Following a testing two years in the Premier League, Queen’s Park Rangers have become a club that many supporters barely recognise. The top flight adventure has come at a heavy price indeed.
On Tuesday, a photograph circulated on social network Instagram, which showed goalkeeper Julio Cesar posing with fellow Brazilian and Chelsea defender David Luiz wearing a Blues shirt. In the days of Alan McDonald and Kevin Gallen, this would have been a crime punishable by a public flogging at the very least, and regarded as an act of idiotic disrespect or high treason.
Nowadays, however, it is indicative of a club that has forgotten all it once stood for, where those on the pitch have no respect for the thousands paying through the nose to watch them every week.
A statement was issued by Rangers and there was a minor backlash over the picture, which is foolish at best and moronic at worst, but it is saddening how little fans appear to be surprised or outraged. With nothing more than a muted sigh and a shrug of the shoulders, it is now accepted that absolutely no loyalty should be expected from those paid handsomely to ply their trade at Loftus Road.
Reading will go down because they are simply not good enough for the Premier League, rather like FA Cup finalists Wigan Athletic, while Aston Villa are at risk of proving that you really cannot win anything with kids.
QPR, on the other hand, are being relegated because too many “star” players simply do not give a toss about the club, its supporters and the shirt they are paid to wear. It is the biggest gravy train in English football.
To see a professional footballer throw the ball to a team-mate, only for the latter to knock it straight out of play seconds after a foul throw by the former is hideously amateurish and would embarrass a Conference team. Yet this was what Rangers fans were treated to last Saturday, as the R’s conspired to make Stoke City, a truly shocking team without a win in seven matches, look not only competent but even capable and threatening.
When schoolboy defending generously handed him an open goal in which to give Stoke the lead, Peter Crouch looked vaguely embarrassed, and probably was: by how far his former club have fallen.
Effort, commitment, passion, dedication, loyalty, pride and respect are all hallmarks of the beautiful game as it should be played, but they appear to have lost all meaning in W12, and been squeezed out by money.
So deep is the sense of apathy and alienation that, rather than spitting feathers at the appalling lack of substance at QPR, supporters are numbed to the new reality while crying out silently for change.
Greeting a return to the Championship with relief and anticipation flies in the face of footballing logic, but relegation is exactly what the club needs right now. Some may lament the inevitable loss of almost all the players unwisely recruited this season and last, at enormous expense, but in reality, it is a cathartic necessity.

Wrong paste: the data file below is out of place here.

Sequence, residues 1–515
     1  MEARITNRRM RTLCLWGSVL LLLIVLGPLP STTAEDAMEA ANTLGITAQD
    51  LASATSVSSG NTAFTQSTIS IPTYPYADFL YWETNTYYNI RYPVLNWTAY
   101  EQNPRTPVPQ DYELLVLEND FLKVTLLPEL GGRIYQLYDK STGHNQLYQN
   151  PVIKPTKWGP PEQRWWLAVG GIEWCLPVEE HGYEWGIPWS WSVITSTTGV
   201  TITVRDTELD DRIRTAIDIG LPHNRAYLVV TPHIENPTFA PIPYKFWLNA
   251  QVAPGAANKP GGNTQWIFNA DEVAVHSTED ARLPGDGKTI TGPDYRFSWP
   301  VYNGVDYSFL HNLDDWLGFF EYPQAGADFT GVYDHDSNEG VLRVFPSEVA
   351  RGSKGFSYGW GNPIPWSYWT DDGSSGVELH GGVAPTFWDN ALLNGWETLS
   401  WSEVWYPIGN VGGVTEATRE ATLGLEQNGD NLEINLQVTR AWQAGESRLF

Four-year plans, boutique club ambitions, the pursuit of Premier League mediocrity and signing Champions League winners have done Rangers no good at all.
From the 0-4 thrashing inflicted on the R’s by Bolton Wanderers two years ago, to the meek surrender against the Potters last week, top flight football has been an unmitigated disaster for QPR. There have been highlights, but even the brightest of all, beating Chelsea at home and away, has been overshadowed by the pitiless destruction of the qualities that made Rangers a club worth following.
Season ticket renewal is by no means under threat, for this club is blessed with a wonderful, long-suffering fan base that has seen far bigger crises in the last 15 years, and is far more valuable than the Malaysian television audience.
Nonetheless, instead of pontificating on Twitter and wasting millions in the transfer market, owner Tony Fernandes must realise there are some problems that money alone cannot solve.
With this in mind, the news that plans for the elite training facility at Warren Farm, which will also house the R’s youth academy, have been approved, heralded the start of a new dawn for QPR.
Egos, mercenaries, faded Premier League celebrities and payday seekers must be moved on to make way for a team that fans want to watch, and a club they feel able to love and respect again.
When financial difficulties threatened to put Rangers out of business in the early 2000’s, fans stood outside Loftus Road with buckets, collecting pennies and pounds to keep the club alive.
In recent years, the opposite has been true, as vast sums, unthinkable back then, have been squandered in the name of hollow “progress” that has seen the achievements of two years ago betrayed by greed and idiocy.
Take Jose Bosingwa, signed as part of the summer “masterplan”, who put two metaphorical fingers up to his paymasters and all those in blue and white hoops by refusing to sit on the bench against Fulham. Such a heinous, unforgiveable offence should have seen the Portuguese player isolated by his team-mates, publicly hanged by manager Harry Redknapp, and being kept as far away from the pitch as possible for his arrogance.
Instead, Bosingwa was restored to the first team remarkably quickly and has been able to make 21 appearances. This is most likely down to expediency, but such brazen disloyalty can never truly be forgotten.
Some might say that the former Chelsea defender is a one-off, but although his peers may not have gone to such great lengths to display utter contempt for the fans, they have chronically underperformed al l year, which is hardly any better.
A clean sweep is needed to rid the club of its deadwood, re-instil the values that were stripped away by two years of Premier League football, and make the unwavering support of those in the stands feel worthwhile.
Over to you, Tony.